Radical Islamic forces have many times threatened Steven Emerson's life. From their point of view, he knows too much. His Investigative Project has logged more than 6,000 hours of video and audio tapes, and its library is probably the world's most comprehensive on radical Islam. Emerson has thus for years lived in hiding, emerging only for talks and meetings to impart what he knows. In this book, he reveals an American intelligence system so full of holes that it resembles finely aged Swiss cheese. Readers get a solid, albeit unpleasant, taste.
Emerson reveals the vision of a globe dominated by Islam prevalent among radical Islamic forces everywhere for the last two decades. Emerson's chatty account backs up this seeming scare mongering with enough facts about radical Islam's worldwide network to curdle one's blood. These forces have for 12 years achieved a new level of coordination, owing to their exploitation of civil liberties in the U.S.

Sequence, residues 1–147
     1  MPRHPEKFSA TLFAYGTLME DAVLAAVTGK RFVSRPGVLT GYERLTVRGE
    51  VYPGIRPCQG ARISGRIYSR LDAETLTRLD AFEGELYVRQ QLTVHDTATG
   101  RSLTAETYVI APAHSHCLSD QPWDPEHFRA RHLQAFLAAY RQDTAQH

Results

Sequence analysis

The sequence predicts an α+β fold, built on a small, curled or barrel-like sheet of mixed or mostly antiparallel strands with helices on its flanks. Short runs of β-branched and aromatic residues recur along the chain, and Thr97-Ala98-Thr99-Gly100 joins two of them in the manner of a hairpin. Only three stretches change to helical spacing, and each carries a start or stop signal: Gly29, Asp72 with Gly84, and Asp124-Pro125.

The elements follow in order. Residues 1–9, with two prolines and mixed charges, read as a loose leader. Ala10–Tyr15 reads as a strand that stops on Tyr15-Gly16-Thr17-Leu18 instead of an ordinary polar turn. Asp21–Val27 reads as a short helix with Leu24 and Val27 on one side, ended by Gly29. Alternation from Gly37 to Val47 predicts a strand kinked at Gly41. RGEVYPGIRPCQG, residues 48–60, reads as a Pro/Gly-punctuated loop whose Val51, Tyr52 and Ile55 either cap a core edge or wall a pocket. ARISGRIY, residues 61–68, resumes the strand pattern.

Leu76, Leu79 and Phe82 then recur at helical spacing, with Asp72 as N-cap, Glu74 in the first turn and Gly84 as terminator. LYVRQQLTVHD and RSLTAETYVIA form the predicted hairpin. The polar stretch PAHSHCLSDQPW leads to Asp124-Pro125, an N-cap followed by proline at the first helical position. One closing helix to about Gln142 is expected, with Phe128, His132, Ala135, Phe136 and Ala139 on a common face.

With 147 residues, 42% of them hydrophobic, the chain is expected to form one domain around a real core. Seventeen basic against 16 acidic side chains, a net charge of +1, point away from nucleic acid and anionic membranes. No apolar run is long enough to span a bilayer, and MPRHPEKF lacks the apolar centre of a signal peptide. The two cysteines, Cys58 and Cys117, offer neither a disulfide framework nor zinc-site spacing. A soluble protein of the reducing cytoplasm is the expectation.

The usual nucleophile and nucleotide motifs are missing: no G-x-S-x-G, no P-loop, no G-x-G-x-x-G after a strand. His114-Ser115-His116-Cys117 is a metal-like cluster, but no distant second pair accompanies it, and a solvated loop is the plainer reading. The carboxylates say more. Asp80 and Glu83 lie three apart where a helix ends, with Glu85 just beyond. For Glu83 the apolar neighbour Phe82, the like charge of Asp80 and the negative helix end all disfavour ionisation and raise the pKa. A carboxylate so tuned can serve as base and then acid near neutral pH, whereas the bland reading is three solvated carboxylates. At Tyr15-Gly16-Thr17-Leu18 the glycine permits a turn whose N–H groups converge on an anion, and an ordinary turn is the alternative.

"None of these groups was ever able to coordinate its worldwide efforts with the others until they came to the United States," Emerson writes. They use freedoms of speech and assembly with little oversight from the FBI, CIA, Immigration and Naturalization Service or any number of other U.S. agencies, including the Federal Communications Commission, Federal Aviation Administration, and so on. Let us hope that free world leaders are listening.
Emerson opens his first-person account with details on how he was drawn to pursue and document radical Islam. In 1992, as a reporter for CNN, he was covering an Oklahoma City press conference at which of former Iran-contra special prosecutor Lawrence Welsh released a statement from President Bush (le pere), pardoning former Secretary of State Casper Weinberger. He was bored.